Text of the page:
If you major in English, history, or another liberal arts discipline, will you be able to find a job? New data on hireability and career earnings for liberal arts grads paint an interesting picture.
“Critical thinking. Creativity. Interpretation. Studying English prepares you for a diverse range of professional fields, including teaching, journalism, law, publishing, medicine, and the fine arts,” says Stanford University’s Department of English on the Careers After an English Major section of its website. Such language has become increasingly common in recent years as colleges and universities rethink the way they market their liberal arts majors.
Why all the attention on liberal arts? In the past decade, although the total number of bachelor’s degrees conferred has increased, the number of bachelor’s degrees conferred in the liberal arts has declined. According to the National Center for Education Statistics (NCES), “The number of degrees in English language and literature/letters was 14 percent lower in 2014–15 than in 2009–10… The number of degrees in liberal arts and sciences, general studies, and humanities was 7 percent lower.” As the cost of college attendance continues to climb, more students are choosing to major in STEM and business, which remain the most common and among the highest-paying majors. Accordingly (and unsurprisingly), NCES lists business, health professions and related programs, biological and biomedical sciences, and engineering as some of the most popular majors for postsecondary students. English language and literature, history, and liberal arts are the 10th, 18th, and 19th most popular majors, respectively.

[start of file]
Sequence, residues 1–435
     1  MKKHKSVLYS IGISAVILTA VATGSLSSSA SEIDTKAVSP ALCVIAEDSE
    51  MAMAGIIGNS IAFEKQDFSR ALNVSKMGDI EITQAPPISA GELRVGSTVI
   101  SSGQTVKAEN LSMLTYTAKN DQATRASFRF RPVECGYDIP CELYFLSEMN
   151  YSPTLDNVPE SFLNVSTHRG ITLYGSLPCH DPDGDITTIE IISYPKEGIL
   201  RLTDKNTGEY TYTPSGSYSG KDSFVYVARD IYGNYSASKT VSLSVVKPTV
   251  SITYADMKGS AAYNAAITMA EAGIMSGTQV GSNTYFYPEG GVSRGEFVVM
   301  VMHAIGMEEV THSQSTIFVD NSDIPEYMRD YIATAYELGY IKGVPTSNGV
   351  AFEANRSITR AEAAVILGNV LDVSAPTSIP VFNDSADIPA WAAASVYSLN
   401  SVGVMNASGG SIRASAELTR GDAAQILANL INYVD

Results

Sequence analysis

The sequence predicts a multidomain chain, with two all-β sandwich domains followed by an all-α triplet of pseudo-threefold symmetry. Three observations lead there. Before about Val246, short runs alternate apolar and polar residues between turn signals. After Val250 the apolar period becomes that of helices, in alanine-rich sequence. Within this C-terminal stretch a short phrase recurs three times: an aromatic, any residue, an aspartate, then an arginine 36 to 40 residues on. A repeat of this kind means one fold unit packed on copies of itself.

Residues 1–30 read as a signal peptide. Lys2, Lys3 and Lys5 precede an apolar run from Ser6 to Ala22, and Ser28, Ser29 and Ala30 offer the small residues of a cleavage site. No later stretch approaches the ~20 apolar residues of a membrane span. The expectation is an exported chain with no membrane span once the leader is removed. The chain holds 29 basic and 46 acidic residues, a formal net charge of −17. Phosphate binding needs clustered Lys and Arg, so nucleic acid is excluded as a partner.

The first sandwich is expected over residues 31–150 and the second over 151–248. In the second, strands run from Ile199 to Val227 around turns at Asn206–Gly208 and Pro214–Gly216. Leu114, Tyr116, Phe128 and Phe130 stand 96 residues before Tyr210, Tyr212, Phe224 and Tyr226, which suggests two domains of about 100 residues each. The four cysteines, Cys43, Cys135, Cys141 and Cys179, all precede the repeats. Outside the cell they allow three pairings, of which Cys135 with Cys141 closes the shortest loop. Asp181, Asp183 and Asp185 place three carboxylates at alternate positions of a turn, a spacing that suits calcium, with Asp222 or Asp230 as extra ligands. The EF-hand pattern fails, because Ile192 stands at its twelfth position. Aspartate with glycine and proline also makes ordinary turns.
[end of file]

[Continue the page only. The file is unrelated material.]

How have colleges and universities responded to declining enrollment in the liberal arts? According to a 2018 report by the Association of Departments of English, college and university English departments across the U.S. have been anticipating student concerns by repositioning themselves to showcase how a liberal arts skillset can be marketable in the current economy. Common strategies include promising to develop students’ skills in reading, critical thinking, writing, and research, as well as linking the major to specific career prospects.
But does the data bear out? Can majoring in the liberal arts be a sound long-term career decision, or are colleges and universities making promises they cannot keep? Let’s examine how these majors fare in terms of hireability and long-term career earnings.